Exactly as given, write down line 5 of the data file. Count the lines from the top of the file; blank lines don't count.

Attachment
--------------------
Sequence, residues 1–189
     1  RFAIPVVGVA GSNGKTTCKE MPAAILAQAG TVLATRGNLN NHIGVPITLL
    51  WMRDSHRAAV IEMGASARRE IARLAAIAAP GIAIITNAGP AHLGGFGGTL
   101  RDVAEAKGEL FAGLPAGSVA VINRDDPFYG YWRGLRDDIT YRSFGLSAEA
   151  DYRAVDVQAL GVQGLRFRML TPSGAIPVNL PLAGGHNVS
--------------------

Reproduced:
   151  DYRAVDVQAL GVQGLRFRML TPSGAIPVNL PLAGGHNVS